Thursday, March 2, 2006

Airline Myths and Legends

Airplane Landing Caribbean

James Wysong is apparently a fully employed flight attendant at some American airline which hasn't recently descended into bankruptcy, and so has the time and money to blog about his experiences, including this recent hilarious missive about airline myths and legends.

James, grow a beard or goatee, or put a tattoo of some screaming, naked babe on your forehead, but please do something about your photo on your blog. It's pitiful. See my stupid blog author photo for some inspiration.

Have you ever heard an airplane story that has been passed down from year to year, only to realize when you hear it a second time that it has changed in some way? Who starts these stories? Are they true?

I have been in the airline business for many years and I hear the same stories over and over. I can't tell you positively if they are true or false, but I can give you some opinions on their probability. Take a look at these myths and legends, for instance.

Legend. An extremely large female passenger on a trans-Atlantic flight finds herself sealed to the toilet after she flushes it. It takes three mechanics on the ground to free her.

Reality check. False. Yes, airplane toilets have very powerful suction, but when the seat is down (as I assume it would be when she sat down), there is a small gap between the seat and the toilet that prevents an airtight seal from forming. I once put this story to the test by creating an airtight seal, then flushing the toilet. Yes, there was a lot of force, but after the flush cycle the pressure was released, so our robust passenger would be free to go.

Addendum. I once tried stringing a line of toilet paper from the back lavatory to the front of the airplane, then flushing the toilet. Sure enough, the string of toilet paper got sucked out in one piece. (No, I guess I didnĂ‚’t have anything better to do with my time.)

Myth. The "Mile High Club" is so enticing because the sexual climax is 10 times more intense on an airplane due to the altitude and the cabin pressure.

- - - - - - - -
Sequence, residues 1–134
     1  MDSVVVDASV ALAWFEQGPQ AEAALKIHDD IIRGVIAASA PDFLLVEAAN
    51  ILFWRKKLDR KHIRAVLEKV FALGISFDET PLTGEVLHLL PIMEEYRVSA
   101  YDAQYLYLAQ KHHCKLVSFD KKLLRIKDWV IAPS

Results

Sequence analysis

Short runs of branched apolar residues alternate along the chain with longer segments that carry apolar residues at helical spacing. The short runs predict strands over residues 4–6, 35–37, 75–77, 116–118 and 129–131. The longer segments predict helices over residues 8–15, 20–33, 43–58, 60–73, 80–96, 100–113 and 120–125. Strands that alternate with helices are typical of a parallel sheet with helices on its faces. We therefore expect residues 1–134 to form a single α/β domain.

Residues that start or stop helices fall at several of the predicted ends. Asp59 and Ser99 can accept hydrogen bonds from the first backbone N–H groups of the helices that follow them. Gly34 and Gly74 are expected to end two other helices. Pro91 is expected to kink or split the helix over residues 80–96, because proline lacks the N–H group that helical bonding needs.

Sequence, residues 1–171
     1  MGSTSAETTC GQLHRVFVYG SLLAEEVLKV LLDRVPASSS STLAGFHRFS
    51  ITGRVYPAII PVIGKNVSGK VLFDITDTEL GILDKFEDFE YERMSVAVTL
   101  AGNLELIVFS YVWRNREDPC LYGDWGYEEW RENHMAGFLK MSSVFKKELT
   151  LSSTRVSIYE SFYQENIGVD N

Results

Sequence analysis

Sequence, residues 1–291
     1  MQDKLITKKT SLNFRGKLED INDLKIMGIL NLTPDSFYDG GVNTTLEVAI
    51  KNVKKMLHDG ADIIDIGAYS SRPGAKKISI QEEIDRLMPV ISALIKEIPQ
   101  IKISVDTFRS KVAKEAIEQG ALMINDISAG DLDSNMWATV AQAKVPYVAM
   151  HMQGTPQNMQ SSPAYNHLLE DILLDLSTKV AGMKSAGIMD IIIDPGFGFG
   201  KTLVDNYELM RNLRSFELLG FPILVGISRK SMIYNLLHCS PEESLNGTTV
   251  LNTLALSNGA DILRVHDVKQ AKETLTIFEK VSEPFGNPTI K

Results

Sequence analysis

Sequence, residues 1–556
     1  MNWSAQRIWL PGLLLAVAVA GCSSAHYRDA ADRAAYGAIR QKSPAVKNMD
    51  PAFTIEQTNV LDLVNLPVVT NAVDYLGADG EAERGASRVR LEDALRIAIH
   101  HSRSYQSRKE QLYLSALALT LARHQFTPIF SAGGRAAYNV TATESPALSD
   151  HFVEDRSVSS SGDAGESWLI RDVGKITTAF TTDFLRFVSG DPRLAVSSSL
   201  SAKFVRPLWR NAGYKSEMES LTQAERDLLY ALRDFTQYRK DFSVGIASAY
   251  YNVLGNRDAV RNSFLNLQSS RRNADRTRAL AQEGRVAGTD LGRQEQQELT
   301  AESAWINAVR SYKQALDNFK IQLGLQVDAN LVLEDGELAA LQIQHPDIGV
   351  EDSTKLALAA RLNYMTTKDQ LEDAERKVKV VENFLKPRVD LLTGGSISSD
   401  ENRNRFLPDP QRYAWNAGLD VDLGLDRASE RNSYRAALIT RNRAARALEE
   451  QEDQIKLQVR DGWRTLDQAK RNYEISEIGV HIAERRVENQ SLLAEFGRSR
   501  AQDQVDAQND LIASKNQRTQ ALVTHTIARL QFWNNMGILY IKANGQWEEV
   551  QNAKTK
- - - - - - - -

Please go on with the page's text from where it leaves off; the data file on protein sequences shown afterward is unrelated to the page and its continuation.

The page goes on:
Reality check. False. It's just the excitement of doing it in a bizarre place and maybe getting caught - or so I am told. With the deplorable state of most airplane lavatories these days, I am barely able to raise a smile much less anything else. Or is that just age talking?

Legend. A white passenger on a British Airways flight from Johannesburg objects to being seated next to a black man and asks for another seat. The flight attendant says she'll see what she can do. She returns to say there is a seat available in first class and that the captain has approved an upgrade because he feels that no one should have to sit next to such an offensive person. The flight attendant then turns to the black man and invites him to the first class seat, to the cheers and applause of other passengers.

Reality check. I don't know if this is true, but I will tell you that I have upgraded passengers sitting next to obnoxious neighbors quite a few times.

Myth. You are more likely to get sick when flying because the airplane's circulation system spreads viruses.

Reality check. Actually, airplane air is quite healthy because it is run through HEPA air filters, which can catch up to 99.9% of small bacteria and viruses - even SARS and the bird flu virus. The real culprit is more likely to be that guy in the next seat who sneezed on you.

Legend. A Pan Am flight attendant working in first class has to deny a meal choice to a celebrity passenger. Indignant and upset, the celebrity launches into a temper tantrum. "Do you know who I am?" the passenger repeatedly exclaims. The flight attendant quickly gets on the passenger address system and announces, "Ladies and gentlemen, we have a passenger who does not know who he is. If anyone can help us with this information it would be greatly appreciated."

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